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Report: Half of Uninsured in U.S. Ineligible for Public Programs or Cannot Afford Coverage

By Cheyenne Hopkins, CQ Staff

Nov. 30, 2006 -- More than half of the nation's uninsured are ineligible for public programs and do not have enough resources to purchase coverage themselves, a report released Thursday by the Urban Institute found.

The report, released on the journal Health Affairs' Web site, found that of the 46.6 million uninsured Americans, 56 percent are ineligible for public programs, such as Medicaid, and have insufficient incomes to afford coverage on their own. Twenty-five percent of the uninsured are eligible for public programs and the remaining 20 percent have incomes high enough to afford coverage, according to the study, which was funded by the Robert Wood Johnson Foundation.

"Sometimes you hear arguments that all but a small minority of the uninsured could either purchase coverage or are already eligible for assistance," said lead author Lisa Dubay, a research scientist at the Johns Hopkins Bloomberg School of Public Health. "But our study shows that the affordability problem is far more serious than that."

Dubay and the study coauthors used an income level of 300 percent of the federal poverty level to define "affordability." In 2004, that level amounted to $28,935 for a single person and $57,921 for a family of four.

Childless adults consisted of the largest block—69 percent, or 25 million—of those uninsured and ineligible for public assistance, the study found. This group faces the largest barriers because they are generally not covered under Medicaid, the State Children's Health Insurance Program (SCHIP), and other public programs.

The affordability barriers facing uninsured parents are only slightly less severe, according to the report. Of the 11.1 million uninsured parents, 56.9 percent cannot afford coverage and have no access to public assistance.

Children were best off in the study. Only 11.3 percent of the nation's eight million uninsured children cannot afford private coverage and have no public options available.

The study also found that individuals at the "moderate" level of income have fewer opportunities for employer-sponsored coverage, which constitutes less than 5 percent of income for this income level. Overall, employees contribute 16 percent and 26 percent of the cost of health insurance for individuals with employer-sponsored coverage, according to the report.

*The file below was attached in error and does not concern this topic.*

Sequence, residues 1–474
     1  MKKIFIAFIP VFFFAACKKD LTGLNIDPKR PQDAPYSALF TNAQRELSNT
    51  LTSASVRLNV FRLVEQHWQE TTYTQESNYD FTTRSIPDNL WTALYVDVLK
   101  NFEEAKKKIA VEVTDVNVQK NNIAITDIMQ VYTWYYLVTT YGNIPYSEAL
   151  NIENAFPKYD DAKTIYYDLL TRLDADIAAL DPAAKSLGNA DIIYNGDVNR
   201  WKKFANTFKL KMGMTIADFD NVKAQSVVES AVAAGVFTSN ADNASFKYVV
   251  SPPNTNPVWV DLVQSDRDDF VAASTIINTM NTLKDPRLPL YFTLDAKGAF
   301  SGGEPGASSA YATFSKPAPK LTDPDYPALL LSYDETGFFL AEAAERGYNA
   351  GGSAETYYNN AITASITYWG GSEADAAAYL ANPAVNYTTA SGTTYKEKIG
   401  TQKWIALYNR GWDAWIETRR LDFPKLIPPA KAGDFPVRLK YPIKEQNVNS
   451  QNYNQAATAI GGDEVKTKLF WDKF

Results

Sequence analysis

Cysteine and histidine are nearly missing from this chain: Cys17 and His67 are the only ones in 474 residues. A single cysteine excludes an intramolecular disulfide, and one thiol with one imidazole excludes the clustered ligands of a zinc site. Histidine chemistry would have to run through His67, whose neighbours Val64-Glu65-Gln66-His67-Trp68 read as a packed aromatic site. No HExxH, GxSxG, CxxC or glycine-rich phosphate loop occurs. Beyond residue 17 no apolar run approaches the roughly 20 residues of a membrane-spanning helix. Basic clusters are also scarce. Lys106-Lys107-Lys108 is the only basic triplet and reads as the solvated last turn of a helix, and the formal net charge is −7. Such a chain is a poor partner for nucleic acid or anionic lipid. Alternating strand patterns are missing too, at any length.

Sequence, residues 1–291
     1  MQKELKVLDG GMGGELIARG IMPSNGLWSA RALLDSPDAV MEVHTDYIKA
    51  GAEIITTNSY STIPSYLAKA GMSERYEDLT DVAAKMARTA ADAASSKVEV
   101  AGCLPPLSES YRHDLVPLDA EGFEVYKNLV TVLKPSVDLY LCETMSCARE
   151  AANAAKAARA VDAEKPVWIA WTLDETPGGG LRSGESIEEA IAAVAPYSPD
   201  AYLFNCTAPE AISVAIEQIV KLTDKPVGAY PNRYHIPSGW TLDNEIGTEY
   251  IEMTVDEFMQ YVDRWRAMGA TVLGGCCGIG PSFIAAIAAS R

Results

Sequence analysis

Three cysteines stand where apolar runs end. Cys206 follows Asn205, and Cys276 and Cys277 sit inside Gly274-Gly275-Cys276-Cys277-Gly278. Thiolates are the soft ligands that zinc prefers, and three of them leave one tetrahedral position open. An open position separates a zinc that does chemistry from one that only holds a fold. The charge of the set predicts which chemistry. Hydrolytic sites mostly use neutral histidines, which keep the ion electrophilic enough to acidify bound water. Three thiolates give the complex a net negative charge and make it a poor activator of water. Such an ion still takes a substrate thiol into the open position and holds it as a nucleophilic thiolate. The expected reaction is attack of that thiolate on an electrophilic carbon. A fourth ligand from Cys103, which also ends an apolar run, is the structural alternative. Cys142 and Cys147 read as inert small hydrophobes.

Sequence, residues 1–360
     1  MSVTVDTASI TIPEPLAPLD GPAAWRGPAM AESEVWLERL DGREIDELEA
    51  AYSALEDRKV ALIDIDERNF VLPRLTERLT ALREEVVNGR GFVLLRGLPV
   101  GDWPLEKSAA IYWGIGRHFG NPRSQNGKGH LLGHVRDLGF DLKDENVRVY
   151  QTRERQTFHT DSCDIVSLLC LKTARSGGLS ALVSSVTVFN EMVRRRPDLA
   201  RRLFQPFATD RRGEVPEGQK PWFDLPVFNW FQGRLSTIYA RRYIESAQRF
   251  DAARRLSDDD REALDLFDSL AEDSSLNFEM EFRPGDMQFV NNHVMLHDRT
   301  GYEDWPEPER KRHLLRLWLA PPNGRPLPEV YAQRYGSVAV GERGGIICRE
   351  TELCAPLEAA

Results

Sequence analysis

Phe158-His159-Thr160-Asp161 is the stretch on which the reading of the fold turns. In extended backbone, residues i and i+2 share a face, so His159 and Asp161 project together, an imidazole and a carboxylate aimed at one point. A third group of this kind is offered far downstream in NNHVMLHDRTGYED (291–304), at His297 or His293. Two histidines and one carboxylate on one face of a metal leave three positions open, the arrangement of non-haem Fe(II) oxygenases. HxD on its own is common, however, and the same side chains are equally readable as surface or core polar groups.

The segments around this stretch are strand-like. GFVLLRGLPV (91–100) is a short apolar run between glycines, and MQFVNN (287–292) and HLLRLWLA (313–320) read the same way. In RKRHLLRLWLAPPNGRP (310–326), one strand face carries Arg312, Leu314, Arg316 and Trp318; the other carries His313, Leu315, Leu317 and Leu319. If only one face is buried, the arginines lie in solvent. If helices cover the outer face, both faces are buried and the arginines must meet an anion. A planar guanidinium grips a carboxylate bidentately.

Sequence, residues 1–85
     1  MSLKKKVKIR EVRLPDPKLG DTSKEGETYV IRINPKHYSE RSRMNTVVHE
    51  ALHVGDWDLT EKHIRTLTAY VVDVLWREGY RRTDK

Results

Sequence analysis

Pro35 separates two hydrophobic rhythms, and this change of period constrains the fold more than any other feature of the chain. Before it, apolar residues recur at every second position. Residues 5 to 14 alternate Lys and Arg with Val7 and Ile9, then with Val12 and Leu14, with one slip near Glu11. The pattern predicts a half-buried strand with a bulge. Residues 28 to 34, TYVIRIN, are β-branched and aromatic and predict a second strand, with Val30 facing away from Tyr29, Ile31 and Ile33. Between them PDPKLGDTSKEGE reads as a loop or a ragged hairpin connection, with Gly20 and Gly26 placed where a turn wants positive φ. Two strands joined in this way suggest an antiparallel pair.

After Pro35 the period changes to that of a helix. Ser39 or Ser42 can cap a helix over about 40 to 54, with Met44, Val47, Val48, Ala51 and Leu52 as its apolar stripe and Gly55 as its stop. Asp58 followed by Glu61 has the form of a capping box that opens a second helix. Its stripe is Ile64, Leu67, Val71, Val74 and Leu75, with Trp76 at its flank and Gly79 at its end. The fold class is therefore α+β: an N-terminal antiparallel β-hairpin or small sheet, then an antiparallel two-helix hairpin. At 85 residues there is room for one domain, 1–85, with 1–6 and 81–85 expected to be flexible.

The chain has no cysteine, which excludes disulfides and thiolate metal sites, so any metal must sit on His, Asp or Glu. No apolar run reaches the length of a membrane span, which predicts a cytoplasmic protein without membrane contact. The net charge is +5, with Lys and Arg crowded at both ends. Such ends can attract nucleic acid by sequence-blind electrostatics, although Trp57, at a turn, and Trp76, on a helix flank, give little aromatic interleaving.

Diane Rowland, executive director of the Kaiser Commission on Medicaid and the Uninsured, said the study raises the issue that public programs exclude childless adults. She proposed basing public assistance on income, not on family situation, and expanding the Medicaid matching funds waiver to be regardless of a family situation.

This study shows the uninsured are not a homogenous population and policy should reflect the difference, Rowland said. She advocated a combination of public and private assistance to target the groups.

The report proposes extensive outreach efforts and simplified enrollment and redetermination procedures, including easing requirements for documentation of income, assets, and citizenship and possibly various types of incentives or penalties to reduce the 25 percent of uninsured who are eligible for public programs.

The report criticizes the budget savings law (PL 109-171) for requiring proof of citizenship as part of the eligibility determination process.

The 56 percent of uninsured who need financial assistance present a "more difficult public policy challenge," the Urban Institute argued.

The group proposes some form of partial assistance such as sliding-scale subsidies, income-related tax credits, and expansions in public programs. But in the absence of expansion of public coverage, the report recommends health insurance market changes, purchasing pools, or high-risk pools or some combination. The group supports the possibility of mandating coverage, such as has been enacted in Massachusetts.

William Vaughan, a senior policy analyst at Consumers Union, expressed support for several of the proposals but cautioned moving too quickly.

"The good news is 11 million people, many children, could be covered by using IRS income data to presumptively enroll them in public programs," Vaughan said. "But the data also warns that Congress should be very careful of individual mandates to buy health insurance, unless the mandate is accompanied by substantial financial help. Otherwise, for many lower-income people, mandating health insurance would be like mandating no car to get to work, crummy housing, and poorer diets."

Rowland also cautioned mandating coverage.

"The key is to mandate but to make sure it's affordable to those incomes," Rowland said.

This is not the first proposal for the incoming Congress to cover the uninsured.

On Nov. 13, the insurance industry lobbying group America's Health Insurance Plans unveiled its plan to cover the uninsured. AHIP proposed first pushing SCHIP to cover all uninsured children in the U.S. The next steps in the group's $300 billion, 10-year plan would expand state and federal Medicaid programs and offer tax credits to lower-income Americans who purchase insurance coverage.

Mohit Ghose, spokesman for AHIP, said the Urban Institute study identifies the types of people whom their plan could help. He also said studies such as this should further the health care discussion on the Hill.

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